Skip to main content

Thank you for visiting nature.com. You are using a browser version with limited support for CSS. To obtain the best experience, we recommend you use a more up to date browser (or turn off compatibility mode in Internet Explorer). In the meantime, to ensure continued support, we are displaying the site without styles and JavaScript.

Cell-to-cell spread of microsporidia causes Caenorhabditis elegans organs to form syncytia

Abstract

The growth of pathogens is dictated by their interactions with the host environment1. Obligate intracellular pathogens undergo several cellular decisions as they progress through their life cycles inside host cells2. We have studied this process for microsporidian species in the genus Nematocida as they grew and developed inside their co-evolved animal host, Caenorhabditis elegans35. We found that microsporidia can restructure multicellular host tissues into a single contiguous multinucleate cell. In particular, we found that all three Nematocida species we studied were able to spread across the cells of C. elegans tissues before forming spores, with two species causing syncytial formation in the intestine and one species causing syncytial formation in the muscle. We also found that the decision to switch from replication to differentiation in Nematocida parisii was altered by the density of infection, suggesting that environmental cues influence the dynamics of the pathogen life cycle. These findings show how microsporidia can maximize the use of host space for growth and that environmental cues in the host can regulate a developmental switch in the pathogen.

This is a preview of subscription content

Access options

Rent or Buy article

Get time limited or full article access on ReadCube.

from$8.99

All prices are NET prices.

Figure 1: A single N. parisii cell can grow to fill most of the C. elegans intestine.
Figure 2: N. parisii can spread across and fuse host intestinal cells into a syncytial organ.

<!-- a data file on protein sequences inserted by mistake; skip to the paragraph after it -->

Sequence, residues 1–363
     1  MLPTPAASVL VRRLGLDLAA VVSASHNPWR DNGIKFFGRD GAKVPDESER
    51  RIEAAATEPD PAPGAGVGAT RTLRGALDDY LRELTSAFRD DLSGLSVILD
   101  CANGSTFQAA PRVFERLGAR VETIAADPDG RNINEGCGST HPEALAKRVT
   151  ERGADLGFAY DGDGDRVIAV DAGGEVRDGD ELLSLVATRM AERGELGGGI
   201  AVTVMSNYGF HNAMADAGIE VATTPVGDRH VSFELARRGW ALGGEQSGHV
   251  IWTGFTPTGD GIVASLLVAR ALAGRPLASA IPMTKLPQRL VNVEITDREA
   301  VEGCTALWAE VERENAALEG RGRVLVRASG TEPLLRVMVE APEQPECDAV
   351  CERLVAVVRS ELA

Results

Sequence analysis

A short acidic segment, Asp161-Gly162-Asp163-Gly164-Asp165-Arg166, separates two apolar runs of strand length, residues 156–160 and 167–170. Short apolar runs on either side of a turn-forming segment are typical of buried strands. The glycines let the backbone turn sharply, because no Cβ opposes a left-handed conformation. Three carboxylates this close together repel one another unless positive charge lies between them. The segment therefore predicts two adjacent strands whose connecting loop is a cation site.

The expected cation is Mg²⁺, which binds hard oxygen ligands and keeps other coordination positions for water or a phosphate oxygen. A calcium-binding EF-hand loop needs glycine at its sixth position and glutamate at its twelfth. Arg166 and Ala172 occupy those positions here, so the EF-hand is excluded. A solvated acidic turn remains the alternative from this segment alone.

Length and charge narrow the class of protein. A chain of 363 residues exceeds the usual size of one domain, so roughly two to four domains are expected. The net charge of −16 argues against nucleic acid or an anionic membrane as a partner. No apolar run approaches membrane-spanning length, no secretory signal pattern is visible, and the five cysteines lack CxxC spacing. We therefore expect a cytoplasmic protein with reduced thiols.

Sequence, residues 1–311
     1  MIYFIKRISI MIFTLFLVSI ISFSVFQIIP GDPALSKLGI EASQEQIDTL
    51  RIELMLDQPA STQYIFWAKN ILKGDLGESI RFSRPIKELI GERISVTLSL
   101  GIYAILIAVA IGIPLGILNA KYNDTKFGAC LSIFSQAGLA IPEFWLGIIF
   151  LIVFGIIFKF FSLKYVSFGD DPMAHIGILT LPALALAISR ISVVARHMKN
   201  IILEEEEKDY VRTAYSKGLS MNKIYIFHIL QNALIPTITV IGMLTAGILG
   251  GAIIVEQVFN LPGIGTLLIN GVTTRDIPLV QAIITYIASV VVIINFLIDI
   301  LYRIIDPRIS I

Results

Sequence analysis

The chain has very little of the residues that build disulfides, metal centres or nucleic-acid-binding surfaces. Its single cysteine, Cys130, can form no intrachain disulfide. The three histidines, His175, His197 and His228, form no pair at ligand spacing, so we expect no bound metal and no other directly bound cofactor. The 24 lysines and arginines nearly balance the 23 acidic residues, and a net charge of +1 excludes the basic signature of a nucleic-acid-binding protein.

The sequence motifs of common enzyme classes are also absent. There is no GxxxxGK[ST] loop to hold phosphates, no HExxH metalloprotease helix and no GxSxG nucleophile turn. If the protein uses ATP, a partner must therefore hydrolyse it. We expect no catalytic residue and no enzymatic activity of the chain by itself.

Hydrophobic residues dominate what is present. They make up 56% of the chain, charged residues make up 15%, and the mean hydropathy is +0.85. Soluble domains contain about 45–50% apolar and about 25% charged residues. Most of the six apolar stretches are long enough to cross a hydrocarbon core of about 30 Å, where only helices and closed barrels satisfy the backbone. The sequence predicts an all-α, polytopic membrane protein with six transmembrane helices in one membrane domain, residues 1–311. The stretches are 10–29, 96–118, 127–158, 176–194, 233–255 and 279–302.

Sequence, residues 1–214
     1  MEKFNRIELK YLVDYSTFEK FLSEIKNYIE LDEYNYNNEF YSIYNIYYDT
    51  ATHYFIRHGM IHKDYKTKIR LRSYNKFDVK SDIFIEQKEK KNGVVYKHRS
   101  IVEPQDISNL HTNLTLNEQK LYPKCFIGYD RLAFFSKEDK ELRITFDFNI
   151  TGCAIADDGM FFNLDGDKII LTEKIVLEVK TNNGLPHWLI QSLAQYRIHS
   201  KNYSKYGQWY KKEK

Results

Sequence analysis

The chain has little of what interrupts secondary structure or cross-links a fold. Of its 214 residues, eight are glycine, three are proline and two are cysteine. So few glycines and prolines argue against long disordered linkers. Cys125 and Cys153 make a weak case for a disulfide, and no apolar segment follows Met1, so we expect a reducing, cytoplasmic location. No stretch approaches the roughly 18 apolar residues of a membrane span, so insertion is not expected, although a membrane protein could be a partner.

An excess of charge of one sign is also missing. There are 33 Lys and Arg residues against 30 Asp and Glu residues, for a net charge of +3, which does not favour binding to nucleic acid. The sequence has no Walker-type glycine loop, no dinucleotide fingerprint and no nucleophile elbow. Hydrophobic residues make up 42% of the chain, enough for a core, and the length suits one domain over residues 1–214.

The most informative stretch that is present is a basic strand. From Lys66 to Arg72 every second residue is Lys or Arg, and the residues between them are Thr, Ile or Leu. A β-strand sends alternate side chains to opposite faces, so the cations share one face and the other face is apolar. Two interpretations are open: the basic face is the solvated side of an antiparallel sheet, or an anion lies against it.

Figure 3: Spreading across host cells is a conserved microsporidia growth strategy with distinct host cell fusion patterns caused by distantly related Nematocida species.
Figure 4: Nematocida vary in growth and virulence, and the density of infection alters developmental speed.

References

  1. 1

    Gog, J. R. et al. Seven challenges in modeling pathogen dynamics within-host and across scales. Epidemics 10, 45–48 (2015).

    Article  Google Scholar 

  2. 2

    Casadevall, A. Evolution of intracellular pathogens. Annu. Rev. Microbiol. 62, 19–33 (2008).

    CAS  Article  Google Scholar 

  3. 3

    Troemel, E. R., Felix, M. A., Whiteman, N. K., Barriere, A. & Ausubel, F. M. Microsporidia are natural intracellular parasites of the nematode Caenorhabditis elegans. PLoS Biol. 6, 2736–2752 (2008).

    CAS  Article  Google Scholar 

  4. 4

    Cuomo, C. A. et al. Microsporidian genome analysis reveals evolutionary strategies for obligate intracellular growth. Genome Res. 22, 2478–2488 (2012).

    CAS  Article  Google Scholar 

  5. 5

    Luallen, R. J. et al. Discovery of a natural microsporidian pathogen with a broad tissue tropism in Caenorhabditis elegans. PLoS Pathogens 12, e1005724 (2016).

    Article  Google Scholar 

  6. 6

    Welch, M. D. & Way, M. Arp2/3-mediated actin-based motility: a tail of pathogen abuse. Cell Host Microbe 14, 242–255 (2013).

    CAS  Article  Google Scholar 

  7. 7

    Ciechonska, M. & Duncan, R. Reovirus FAST proteins: virus-encoded cellular fusogens. Trends Microbiol. 22, 715–724 (2014).

    CAS  Article  Google Scholar 

  8. 8

    French, C. T. et al. Dissection of the Burkholderia intracellular life cycle using a photothermal nanoblade. Proc. Natl Acad. Sci. USA 108, 12095–12100 (2011).